JadMag is a publication produced by Tadween Publishing. Individual issues represent incisive articles focused on a particular topic and provide a wealth of resources on the subject matter. They are intended for the classroom but have enjoyed a much broader readership. All JadMag issues are accompanied by a "Teaching Guide" that is available to educators upon request. Educators may receive exam copies by signing up to TEN (TADWEEN EDUCATORS NETWORK).
Theorizing the Arabian Peninsula
Edited by Rosie Bsheer and John Warner
Despite the sophisticated, critical, and oft-politically engaged literature emerging from and about the Arabian Peninsula the region remains marginalized, in multiple ways, within academic and popular analyses. Theorizing the Arabian Peninsula addresses the ways in which frameworks of knowledge production have not only obscured social realities there, but also contributed to their construction. While our roundtable contributors--activists, journalists, artists, and scholars such as Toby Jones, Adam Hanieh, Neha Vora, and others--approach this project from a number of different disciplinary perspectives and theoretical standpoints, several key themes surface from their critical engagements. The challenge for us, here, is to reconceptualize our objects of analysis to illuminate these power relations and the multiple ways in which they have effected far-reaching transformations of the political, cultural, and material infrastructures of everyday life in the Arabian Peninsula. Approaching knowledge, space, identity, economy, and the political as contested and historically constituted—as the contributors to this roundtable urge us to—thus serves to relocate the peninsula within broader circuits of power, capital, labor, migration, and religion, from which they have long been analytically severed.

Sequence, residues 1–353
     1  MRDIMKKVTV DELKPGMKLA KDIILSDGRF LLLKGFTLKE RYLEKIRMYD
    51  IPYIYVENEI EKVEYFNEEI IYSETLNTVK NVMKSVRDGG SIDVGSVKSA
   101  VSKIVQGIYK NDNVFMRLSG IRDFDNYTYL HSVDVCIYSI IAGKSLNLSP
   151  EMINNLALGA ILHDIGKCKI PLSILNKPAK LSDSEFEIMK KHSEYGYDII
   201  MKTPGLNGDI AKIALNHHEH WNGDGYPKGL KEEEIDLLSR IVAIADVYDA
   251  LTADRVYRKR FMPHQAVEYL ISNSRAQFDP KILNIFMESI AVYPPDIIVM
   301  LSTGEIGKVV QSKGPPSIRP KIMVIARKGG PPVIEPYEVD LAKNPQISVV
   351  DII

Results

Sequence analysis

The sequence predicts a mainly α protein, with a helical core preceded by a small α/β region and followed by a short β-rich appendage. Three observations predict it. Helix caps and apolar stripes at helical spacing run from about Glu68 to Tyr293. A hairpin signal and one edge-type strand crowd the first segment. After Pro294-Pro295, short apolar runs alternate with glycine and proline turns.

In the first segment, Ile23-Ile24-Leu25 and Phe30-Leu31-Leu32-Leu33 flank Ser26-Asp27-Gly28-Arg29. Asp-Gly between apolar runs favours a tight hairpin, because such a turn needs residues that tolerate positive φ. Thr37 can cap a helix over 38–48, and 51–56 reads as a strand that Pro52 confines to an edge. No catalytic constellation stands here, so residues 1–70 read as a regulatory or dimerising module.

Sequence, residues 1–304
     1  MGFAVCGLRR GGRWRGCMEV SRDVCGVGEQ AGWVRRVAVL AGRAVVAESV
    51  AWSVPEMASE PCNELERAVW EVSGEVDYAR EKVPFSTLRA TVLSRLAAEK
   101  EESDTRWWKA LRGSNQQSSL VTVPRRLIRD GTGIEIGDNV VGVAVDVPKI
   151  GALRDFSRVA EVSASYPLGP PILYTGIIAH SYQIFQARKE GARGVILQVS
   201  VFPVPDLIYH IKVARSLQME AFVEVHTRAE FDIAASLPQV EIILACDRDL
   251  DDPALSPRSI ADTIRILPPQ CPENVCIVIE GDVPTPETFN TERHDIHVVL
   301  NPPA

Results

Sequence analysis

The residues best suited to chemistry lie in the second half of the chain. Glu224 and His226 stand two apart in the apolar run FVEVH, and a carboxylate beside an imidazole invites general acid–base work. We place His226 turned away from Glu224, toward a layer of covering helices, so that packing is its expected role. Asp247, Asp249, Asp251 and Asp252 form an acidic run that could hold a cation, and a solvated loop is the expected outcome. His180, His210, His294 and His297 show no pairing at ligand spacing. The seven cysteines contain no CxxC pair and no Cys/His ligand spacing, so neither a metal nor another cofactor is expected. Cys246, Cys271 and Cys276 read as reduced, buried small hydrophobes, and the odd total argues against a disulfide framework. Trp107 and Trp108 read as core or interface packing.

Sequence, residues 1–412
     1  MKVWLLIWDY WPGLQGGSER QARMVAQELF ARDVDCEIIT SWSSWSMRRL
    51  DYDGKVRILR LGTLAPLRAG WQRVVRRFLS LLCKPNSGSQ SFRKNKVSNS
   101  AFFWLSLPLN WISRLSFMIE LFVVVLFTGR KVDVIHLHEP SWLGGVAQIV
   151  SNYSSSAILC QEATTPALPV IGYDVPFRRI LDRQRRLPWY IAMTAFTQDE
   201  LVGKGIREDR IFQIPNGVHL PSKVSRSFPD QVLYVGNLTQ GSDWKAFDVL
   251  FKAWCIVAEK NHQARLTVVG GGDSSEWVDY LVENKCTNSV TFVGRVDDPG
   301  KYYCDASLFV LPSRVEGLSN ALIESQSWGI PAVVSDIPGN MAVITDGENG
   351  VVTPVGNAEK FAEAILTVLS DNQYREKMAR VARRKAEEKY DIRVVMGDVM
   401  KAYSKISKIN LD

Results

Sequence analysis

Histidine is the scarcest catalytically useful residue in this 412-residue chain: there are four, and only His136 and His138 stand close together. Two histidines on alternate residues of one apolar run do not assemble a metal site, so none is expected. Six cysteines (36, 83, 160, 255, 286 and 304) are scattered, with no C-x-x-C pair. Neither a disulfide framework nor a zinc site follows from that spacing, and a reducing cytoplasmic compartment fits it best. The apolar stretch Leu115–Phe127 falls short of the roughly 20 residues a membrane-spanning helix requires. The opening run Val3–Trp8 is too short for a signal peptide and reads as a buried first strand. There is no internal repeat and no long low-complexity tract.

Beyond Dominant Narratives on the Western Sahara
Edited by Samia Errazzouki and Allison L. McManus
Since the mid-twentieth century, the Western Sahara conﬂict has witnessed the brutal repression of activists and numerous other human rights violations against the Sahrawi people. As a result, it has caused the disruption of untold families while incurring extremely high costs for the UN in attempts to maintain stability through humanitarian aid, peace-keeping missions, and facilitating numerous failed dialogues between the parties. To make better sense of the long, complex, and largely marginalized conﬂict, this pedagogy publication offers a comprehensive, multidisciplinary view of the Western Saharan conﬂict and the discourses surrounding it. Contributors include Stephen Zunes who sheds light on Morocco’s policies towards the territory and its people, including human rights abuses and policies of settlement; John Entelis who explores the Western Sahara’s signiﬁcance for the region; Aboubakr Jamaï and Ali Anouzla who underscore the intensiﬁcation of the call for self-determination; Allison L. McManus who places the conﬂict in a global context, examining the role of the United Nations; Samia Errazzouki who examines the discourse surrounding the conﬂict as a political tool that comes at the expense of the Sahrawi population; and Andrew McConnell whose photo-essay offers a unique perspective of life in the refugee camps.
Edited by Noura Erakat